DB:  Your engineer, Steve Lahane has worked with many people and in such a wide variety of musical styles.

LC:  Yeah, he’s all over the place.

DB:  Yeah, it’s surprising to me.  I never would’ve expected him on your music.  Talk a little bit about working with him and what he brought to your music.

LC:  He’s a super cool guy.  Right off the bat, we were clicking.  We felt relaxed already.  All of that is definitely a plus when you’re recording.  He’s also strange -- in the best way. I hope he sees this and asks, like what do you mean? (laughs)  He thinks about some offbeat stuff that we really didn’t think of doing.  Not particularly with “Too High to Care” but with some of the other songs we recorded.  There was some really cool and different stuff.  He added some synth to one of the songs which is definitely strange for us but it totally works in the song for some reason.  He was really great to work with and because he likes so many styles of music, he is able to hear what a song could use to add a little more danger.  That’s actually how he phrased it -- adding a little more danger.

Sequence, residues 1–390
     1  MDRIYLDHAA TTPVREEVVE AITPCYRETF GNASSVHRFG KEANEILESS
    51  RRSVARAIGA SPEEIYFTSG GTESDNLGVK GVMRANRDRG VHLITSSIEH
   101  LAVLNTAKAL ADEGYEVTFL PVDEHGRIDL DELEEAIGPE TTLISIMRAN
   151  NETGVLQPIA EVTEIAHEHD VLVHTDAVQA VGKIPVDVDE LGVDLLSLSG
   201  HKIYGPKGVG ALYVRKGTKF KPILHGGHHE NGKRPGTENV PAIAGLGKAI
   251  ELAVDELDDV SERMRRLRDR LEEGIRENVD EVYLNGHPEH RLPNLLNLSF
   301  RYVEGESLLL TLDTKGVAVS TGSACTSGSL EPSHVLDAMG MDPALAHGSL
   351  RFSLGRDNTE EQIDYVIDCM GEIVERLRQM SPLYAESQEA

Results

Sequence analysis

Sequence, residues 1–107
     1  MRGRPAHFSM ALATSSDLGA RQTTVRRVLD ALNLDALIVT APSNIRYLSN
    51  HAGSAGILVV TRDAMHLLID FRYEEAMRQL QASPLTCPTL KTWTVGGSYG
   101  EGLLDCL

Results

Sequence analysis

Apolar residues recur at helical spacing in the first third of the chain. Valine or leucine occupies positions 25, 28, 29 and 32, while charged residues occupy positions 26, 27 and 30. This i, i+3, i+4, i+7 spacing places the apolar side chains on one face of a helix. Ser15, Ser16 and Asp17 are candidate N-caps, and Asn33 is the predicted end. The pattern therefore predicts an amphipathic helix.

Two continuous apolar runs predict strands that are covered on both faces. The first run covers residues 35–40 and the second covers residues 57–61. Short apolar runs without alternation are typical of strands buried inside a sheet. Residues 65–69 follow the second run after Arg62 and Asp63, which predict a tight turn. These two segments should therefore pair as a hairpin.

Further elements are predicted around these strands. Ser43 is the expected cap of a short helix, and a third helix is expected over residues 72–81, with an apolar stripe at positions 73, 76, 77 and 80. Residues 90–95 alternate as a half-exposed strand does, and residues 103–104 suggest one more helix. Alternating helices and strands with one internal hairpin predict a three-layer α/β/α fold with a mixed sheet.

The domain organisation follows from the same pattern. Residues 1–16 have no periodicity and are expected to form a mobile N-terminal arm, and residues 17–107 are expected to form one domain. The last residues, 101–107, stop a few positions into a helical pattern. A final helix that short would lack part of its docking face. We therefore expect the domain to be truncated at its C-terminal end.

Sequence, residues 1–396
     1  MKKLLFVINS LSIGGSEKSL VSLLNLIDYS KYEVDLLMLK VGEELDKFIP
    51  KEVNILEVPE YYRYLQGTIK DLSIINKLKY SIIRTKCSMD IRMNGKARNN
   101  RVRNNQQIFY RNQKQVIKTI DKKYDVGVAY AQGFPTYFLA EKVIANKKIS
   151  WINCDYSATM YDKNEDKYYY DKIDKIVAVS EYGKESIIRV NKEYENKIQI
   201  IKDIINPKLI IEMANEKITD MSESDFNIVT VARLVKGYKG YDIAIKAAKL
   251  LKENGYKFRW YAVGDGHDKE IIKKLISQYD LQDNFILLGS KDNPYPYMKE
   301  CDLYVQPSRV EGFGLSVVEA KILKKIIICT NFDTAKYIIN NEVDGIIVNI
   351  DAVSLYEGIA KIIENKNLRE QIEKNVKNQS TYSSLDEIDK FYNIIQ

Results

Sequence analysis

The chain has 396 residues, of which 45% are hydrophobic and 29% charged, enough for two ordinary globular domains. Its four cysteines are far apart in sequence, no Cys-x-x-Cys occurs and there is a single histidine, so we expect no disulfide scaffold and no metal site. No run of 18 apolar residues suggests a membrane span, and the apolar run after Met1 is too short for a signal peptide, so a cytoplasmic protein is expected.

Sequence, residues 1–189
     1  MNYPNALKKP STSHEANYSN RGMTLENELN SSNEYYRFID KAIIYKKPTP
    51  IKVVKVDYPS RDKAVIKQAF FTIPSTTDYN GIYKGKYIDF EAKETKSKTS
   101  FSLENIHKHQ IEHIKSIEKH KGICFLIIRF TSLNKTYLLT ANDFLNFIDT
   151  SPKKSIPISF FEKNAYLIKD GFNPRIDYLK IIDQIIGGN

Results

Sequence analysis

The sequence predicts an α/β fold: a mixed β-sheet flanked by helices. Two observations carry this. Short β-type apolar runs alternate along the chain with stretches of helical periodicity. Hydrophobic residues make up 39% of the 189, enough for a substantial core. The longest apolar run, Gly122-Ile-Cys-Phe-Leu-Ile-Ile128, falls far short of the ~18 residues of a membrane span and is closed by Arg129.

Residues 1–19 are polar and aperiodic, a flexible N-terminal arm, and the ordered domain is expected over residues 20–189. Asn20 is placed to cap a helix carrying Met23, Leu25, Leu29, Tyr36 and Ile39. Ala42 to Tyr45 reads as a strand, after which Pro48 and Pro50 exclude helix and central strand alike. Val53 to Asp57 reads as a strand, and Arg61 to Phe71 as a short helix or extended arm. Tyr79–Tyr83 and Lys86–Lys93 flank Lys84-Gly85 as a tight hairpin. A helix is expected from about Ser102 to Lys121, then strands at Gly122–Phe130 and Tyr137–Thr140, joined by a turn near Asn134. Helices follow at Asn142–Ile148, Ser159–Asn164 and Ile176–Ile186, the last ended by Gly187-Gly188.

DB:  That’s kind of clever.  Lahane is such an interesting choice to pair with your music.  I love the results.  I know you refer to your music as blues-infused psychedelic groove rock, and it is.  In many ways it is also blue jean wearing, seat of the pants rock’n’roll and very refreshing.  Lahane fits it perfectly.